I was contacted by a doctor – call him Dr. Smith – who was on a state committee whose job it was to spend millions of taxpayer dollars on fancy new medical equipment.  The committee received many applications and it had to decide which of those most deserved funding.  As he described it, the committee was using a relatively lightweight, informal version of standard multi-criteria decision making (list your criteria, weight your criteria, rate each option on each criterion, etc.).  Why were they using this method?  Apparently because “it seemed like the right thing to do” and “that’s they way we do it”.

Dr. Smith was concerned that the way in which the committee was making these decisions was insufficiently rigorous and transparent.  In particular he was worried that the process was not reliable enough, in the sense of treating similar cases the same way.  There was too much room for the slip and slop of unanchored subjective judgments.  This despite the fact that their decisions took into account a large amount of information and even scientific evidence – such as data about the benefits of certain types of treatments and technologies.

However Dr. Smith was a lone voice.  He was trying to persuade the chair of the committee, and other committee members, and the secretariat supporting the committee, that they should spend at least some time thinking not just about who should get the money, but about how they decide who should get the money.

I was invited to speak to the chair and the secretariat.  In a web-conference, I explained that there were many possible ways to make decisions of the kind they had to make.  Indeed there is an academic niche concerned with this very issue, i.e., how to make allocation decisions.   These methods have been subjected to some degree of scientific study, it is clear that some are better than others for particular types of decisions.   I explained that if they were not using the best method, they would likely be mis-allocating resources.  (Which means, in this kind of case, not just wasting money but not saving as many people from sickness and death as they might have.)

Then came the really tricky part.  I tried to gently explain that evidence-based selection of a decision method requires expertise, and not the expertise that they have as doctors, professors of medicine, or even medical administrators.  Rather, it is the expertise of a decision theorist.   Simply put, just being smart and have a fancy medical appointment doesn’t make you qualified to decide how to decide who should get funded.

As you can imagine, the conversation was polite but it went nowhere.   I was trying to explain to senior medical professionals that their decisions could be more rigorously evidence based.  They prided themselves on making evidence-based decisions, and they were making evidence-based decisions, but these were only first-order evidence based.  I was trying to convince them to be second-order evidence based (though I didn’t use those words).  Further, I was suggesting that their expertise wasn’t the sort of expertise that was really needed for their decision to be properly second-order evidence-based.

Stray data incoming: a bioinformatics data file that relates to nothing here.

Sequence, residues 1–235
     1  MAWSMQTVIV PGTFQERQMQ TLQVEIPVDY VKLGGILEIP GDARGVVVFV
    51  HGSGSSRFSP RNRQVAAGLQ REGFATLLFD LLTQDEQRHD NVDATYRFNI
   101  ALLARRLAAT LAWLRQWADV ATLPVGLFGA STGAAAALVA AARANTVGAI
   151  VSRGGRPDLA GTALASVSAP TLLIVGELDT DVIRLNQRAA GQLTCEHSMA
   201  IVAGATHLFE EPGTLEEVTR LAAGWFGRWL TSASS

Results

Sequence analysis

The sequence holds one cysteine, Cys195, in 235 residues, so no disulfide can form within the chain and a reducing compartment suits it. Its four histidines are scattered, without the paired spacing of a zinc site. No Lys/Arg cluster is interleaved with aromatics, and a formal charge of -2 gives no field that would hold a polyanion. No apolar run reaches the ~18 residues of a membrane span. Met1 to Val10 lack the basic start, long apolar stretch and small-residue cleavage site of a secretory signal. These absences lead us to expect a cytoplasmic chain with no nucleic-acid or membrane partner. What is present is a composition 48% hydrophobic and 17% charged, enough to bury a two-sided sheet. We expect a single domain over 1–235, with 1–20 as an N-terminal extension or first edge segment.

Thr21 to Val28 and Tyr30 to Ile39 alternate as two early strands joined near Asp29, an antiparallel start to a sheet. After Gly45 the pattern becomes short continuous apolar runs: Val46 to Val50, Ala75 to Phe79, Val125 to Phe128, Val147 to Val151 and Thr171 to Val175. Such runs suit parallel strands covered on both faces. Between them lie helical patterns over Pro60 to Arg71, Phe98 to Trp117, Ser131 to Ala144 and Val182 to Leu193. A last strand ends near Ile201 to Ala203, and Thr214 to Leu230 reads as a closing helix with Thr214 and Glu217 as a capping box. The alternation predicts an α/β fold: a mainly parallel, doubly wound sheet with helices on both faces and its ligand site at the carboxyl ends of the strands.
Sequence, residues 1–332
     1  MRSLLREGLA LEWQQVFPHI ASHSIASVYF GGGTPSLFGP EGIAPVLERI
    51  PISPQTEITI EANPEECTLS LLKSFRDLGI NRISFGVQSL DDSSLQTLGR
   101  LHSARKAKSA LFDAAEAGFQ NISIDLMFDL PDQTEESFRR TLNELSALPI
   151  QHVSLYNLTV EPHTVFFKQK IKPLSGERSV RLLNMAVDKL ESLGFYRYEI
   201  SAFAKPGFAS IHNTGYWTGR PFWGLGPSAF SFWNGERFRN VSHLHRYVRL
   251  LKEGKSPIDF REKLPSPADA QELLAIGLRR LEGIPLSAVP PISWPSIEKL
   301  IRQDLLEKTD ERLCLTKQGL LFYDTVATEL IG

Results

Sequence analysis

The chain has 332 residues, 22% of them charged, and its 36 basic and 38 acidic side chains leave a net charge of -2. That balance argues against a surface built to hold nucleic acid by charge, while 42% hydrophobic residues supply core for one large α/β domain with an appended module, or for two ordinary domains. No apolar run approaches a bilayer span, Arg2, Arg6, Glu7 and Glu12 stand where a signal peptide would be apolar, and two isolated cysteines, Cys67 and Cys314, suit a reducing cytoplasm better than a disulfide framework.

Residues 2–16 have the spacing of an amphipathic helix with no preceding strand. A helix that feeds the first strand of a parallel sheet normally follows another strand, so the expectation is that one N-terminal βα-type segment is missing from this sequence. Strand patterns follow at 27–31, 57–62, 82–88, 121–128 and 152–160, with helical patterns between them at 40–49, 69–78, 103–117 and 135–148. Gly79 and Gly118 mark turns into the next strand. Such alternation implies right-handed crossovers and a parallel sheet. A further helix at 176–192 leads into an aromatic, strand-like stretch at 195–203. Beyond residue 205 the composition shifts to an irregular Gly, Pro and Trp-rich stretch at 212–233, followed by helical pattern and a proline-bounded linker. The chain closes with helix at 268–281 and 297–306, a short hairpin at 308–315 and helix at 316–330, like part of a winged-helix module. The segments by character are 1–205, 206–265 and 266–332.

I had the feeling that they could hear the words but didn’t really “get” what I was saying.  Last I heard, nothing had changed in the way they were making their decisions.

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In his recent post “To accept or to decline: mapping life’s little dilemmas using IBIS“, Kailash Awati provides a nice case study of using mapping to make a significant personal decision.   Interestingly, the “little dilemma” in the case study is just the same kind of issue that was facing Joseph Priestley when he wrote to Benjamin Franklin asking for his advice, resulting in Franklin’s famous letter describing his “moral algebra”.   Like most people, when reading Franklin’s letter I didn’t bother to ask what exactly was bothering Priestley so much that he would beg for Franklin’s advice.  As described in Steven Johnson’s excellent book The Invention of Air, Priestley was deliberating over whether to accept a particular job offer.  And as I discuss here, Franklin’s two-column pro/con method, for all its virtues, is just too simple to accommodate the true complexity of deliberative decision making.  Awati’s case study illustrates how the moral algebra can be extended to embrace this complexity while retaining clarity by using the IBIS methodology and supporting software such as Compendium or bCisive.

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A version of  my Quadrant essay ” The Wise Delinquency of Decision Makers” was recently broadcast on ABC Radio National’s Ockham’s Razor program.  Audio and transcript available here.

Robyn Williams, the great science journalist  and host of Ockham’s Razor, introduced it thusly:

I remember a few years ago being on a committee choosing some prize winners, for innovation, or some such recognition. There was a new system in front of us, with grids, numbers out of ten in about twelve categories, cross-over elimination processes, all in all the same kind of chart you imagine The Pentagon using to invade Iraq in 2003.  Now I happened to know who should have won the main prize. It was obvious; Malcolm Gladwell wrote all about this in Blink, you just know. But the process didn’t allow any of that. We ground through the chart system methodically. Hours passed.  My winner wasn’t even in the shortlist. A list of the usual suspects was signed off. My guy later went on to win three national awards.  I quietly resigned from the committee.  So much for the gossip about decision making. Now the theory.